So, why do I come to you with this now? Well, it's a reflection that has been floating around in my head for several months, and I wanted to share it with you. It started with a suspension issue, but soon I realized that, really, it went much further than that.
We are getting obsessed with talking about details and components, when we should be talking about the whole car.
Reading the comments of many readers before launches of new products of various brands, one can realize, if you follow carefully Autoblog (editor's note: Remember that this report is recycled from our past in Autoblog), that "a compact has to have multi-link rear suspension", or that "having the longitudinal engine" even in a bad position, is something perceived by the customer as "a plus, premium".
But does this match reality? Car brands, like so many other manufacturers, spend a lot of resources on making us need things, creating needs that do not fit what we really require.
Let's start with an example that's easy to demonstrate and easy to understand. When Ford launched the first Focus, it did so with a multi-link rear suspension, elaborate tuning, and a sublime steering rack. The car had a lot of things you might not like, but chassis-wise it was the most refined in its segment to date.
The media went crazy about it, and talked wonders, wonders that were all associated with a single decision: the multi-link rear axle.
It was the great innovation, but it was also a huge slip for many who wrote and associated all the wonders of the car to that type of suspension. Why? Well, because, as you can see in many cars (Megane RS), you can get a sporty rear suspension without having to resort to a multi-link (even if it has its drawbacks in terms of comfort and handling).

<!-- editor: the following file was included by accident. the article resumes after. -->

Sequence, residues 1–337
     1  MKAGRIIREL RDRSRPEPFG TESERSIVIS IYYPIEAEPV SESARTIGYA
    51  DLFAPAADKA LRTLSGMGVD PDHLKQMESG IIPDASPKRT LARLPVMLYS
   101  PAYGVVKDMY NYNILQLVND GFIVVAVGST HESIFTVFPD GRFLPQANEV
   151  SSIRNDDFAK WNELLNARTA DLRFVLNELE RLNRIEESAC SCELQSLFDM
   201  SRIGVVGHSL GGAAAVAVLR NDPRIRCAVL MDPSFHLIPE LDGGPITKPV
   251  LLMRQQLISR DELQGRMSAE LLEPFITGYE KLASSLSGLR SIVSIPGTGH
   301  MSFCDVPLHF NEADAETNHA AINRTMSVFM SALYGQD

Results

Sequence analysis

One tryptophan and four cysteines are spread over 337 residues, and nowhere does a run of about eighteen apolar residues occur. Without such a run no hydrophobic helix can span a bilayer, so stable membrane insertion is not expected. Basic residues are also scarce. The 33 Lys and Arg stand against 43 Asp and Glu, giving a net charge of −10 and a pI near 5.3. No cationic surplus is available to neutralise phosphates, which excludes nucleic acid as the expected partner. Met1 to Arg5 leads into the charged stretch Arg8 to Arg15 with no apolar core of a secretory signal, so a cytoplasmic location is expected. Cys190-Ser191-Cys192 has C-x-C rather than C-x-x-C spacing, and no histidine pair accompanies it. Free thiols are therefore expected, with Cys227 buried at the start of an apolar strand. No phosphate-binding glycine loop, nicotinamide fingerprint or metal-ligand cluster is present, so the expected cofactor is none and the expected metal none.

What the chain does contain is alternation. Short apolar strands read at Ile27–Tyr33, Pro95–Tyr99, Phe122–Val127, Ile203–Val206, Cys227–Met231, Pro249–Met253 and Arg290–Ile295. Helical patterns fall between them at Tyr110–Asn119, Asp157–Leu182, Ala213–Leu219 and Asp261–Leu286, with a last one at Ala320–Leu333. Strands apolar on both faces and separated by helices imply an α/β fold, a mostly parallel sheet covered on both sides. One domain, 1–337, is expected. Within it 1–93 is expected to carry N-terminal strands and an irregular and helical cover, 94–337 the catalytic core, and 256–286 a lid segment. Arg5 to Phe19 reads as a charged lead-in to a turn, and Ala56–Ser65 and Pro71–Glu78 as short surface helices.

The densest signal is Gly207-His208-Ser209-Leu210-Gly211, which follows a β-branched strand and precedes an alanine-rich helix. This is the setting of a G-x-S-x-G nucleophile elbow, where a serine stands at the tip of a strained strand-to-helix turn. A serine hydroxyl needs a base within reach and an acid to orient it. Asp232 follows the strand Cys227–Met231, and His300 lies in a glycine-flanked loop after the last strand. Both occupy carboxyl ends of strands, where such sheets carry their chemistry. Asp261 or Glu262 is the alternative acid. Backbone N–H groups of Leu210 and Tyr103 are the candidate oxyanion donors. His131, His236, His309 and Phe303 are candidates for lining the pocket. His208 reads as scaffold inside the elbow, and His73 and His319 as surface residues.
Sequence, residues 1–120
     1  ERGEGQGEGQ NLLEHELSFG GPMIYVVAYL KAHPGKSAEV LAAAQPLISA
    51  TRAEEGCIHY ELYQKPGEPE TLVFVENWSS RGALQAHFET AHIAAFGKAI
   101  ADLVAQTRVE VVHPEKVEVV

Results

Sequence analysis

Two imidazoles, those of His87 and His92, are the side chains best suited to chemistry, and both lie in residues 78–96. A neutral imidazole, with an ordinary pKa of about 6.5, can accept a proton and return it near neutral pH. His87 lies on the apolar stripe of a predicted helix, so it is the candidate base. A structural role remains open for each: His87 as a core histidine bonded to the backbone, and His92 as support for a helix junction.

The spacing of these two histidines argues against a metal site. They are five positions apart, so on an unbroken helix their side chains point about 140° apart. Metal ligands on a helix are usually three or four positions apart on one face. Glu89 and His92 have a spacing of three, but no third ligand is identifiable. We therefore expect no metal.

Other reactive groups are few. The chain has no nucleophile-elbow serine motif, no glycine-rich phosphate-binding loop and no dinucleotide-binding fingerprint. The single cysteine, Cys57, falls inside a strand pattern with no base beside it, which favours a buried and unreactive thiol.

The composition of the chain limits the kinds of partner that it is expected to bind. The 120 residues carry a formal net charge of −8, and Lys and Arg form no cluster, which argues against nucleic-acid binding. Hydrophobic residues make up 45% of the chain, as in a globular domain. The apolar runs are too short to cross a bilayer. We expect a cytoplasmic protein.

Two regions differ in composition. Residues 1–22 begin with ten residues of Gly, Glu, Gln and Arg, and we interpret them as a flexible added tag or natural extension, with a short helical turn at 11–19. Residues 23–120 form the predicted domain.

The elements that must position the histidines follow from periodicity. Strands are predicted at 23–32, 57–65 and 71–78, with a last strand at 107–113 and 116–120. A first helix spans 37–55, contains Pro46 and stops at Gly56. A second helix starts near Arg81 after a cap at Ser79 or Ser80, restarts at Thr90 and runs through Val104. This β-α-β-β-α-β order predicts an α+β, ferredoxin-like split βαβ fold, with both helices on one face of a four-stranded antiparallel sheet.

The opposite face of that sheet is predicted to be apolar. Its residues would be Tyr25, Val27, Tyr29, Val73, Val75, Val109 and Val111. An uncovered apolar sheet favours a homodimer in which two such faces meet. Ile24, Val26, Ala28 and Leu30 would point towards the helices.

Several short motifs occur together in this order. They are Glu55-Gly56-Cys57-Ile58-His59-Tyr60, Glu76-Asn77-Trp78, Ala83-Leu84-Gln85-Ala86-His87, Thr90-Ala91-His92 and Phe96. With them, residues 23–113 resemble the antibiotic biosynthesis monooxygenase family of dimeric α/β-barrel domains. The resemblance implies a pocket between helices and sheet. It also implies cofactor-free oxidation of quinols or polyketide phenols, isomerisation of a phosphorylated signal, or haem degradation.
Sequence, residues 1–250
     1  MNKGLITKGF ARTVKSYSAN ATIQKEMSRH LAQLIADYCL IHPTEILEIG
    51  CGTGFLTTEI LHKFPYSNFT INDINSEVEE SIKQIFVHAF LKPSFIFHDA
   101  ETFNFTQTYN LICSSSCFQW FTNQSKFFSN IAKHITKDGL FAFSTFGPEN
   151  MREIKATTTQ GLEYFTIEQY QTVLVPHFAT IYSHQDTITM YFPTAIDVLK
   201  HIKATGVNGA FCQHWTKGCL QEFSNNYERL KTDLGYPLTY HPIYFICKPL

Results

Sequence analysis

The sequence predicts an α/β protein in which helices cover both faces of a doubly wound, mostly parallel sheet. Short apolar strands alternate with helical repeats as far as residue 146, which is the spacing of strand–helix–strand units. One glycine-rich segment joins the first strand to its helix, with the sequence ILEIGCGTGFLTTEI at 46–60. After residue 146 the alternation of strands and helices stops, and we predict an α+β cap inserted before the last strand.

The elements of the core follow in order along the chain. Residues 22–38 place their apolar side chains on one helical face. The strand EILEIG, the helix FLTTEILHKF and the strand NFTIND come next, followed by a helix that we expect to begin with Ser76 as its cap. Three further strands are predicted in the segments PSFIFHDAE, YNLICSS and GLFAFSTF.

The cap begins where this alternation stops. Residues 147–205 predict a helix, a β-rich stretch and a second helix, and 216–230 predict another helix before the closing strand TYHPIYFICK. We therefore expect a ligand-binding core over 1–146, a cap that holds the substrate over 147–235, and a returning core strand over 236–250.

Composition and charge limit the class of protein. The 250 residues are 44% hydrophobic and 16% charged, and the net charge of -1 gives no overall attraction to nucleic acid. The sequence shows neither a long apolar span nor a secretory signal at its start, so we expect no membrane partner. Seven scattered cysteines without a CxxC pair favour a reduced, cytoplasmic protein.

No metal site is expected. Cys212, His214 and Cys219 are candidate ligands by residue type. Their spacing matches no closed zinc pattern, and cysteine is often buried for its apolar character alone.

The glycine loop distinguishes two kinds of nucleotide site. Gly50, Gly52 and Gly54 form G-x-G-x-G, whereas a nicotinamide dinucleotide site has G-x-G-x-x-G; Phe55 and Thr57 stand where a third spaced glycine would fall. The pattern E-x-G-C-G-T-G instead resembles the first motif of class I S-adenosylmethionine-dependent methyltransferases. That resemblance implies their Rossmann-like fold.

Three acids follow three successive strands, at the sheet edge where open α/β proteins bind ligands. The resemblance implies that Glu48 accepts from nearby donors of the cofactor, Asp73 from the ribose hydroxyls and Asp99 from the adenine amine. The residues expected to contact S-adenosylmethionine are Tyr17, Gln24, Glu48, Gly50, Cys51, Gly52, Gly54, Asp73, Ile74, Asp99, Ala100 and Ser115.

But not only that, but also, although we testers, used to driving at full speed, may love the rear behaviour of the Focus MK1, the reality is that the "everyday user", the one who buys the car to go to work, take the kids to school, and go twice a year on vacation, would never realize the difference between having a multi-link or having arms pulled together by a transverse torsional bar.
The problem is that the slogan sells... "Multi-link rear axle". So VAG copied the idea, and implemented it in the next generation of its Golf, and all its derivatives (A3, Leon), with the intention of compensating the difference in dynamics, well, no, in "slogan".
The thing became flawed, because what Volkswagen does with its Golf is always copied by the rest of "followers", and many other brands decided to go down the path of the complexity of the multi-link rear suspension.
Did this improve our daily driving? For 1%, or less, of drivers, probably yes. For the rest... well, that's highly debatable. They had a better tool, a car that, in theory, is more dynamically capable, but often associated with equipment, tires, and engines that didn't match that set-up. They had and have a slogan with wheels, which they can brag about ("look, my car has independent rear suspension"), but which, in reality, they don't take advantage of.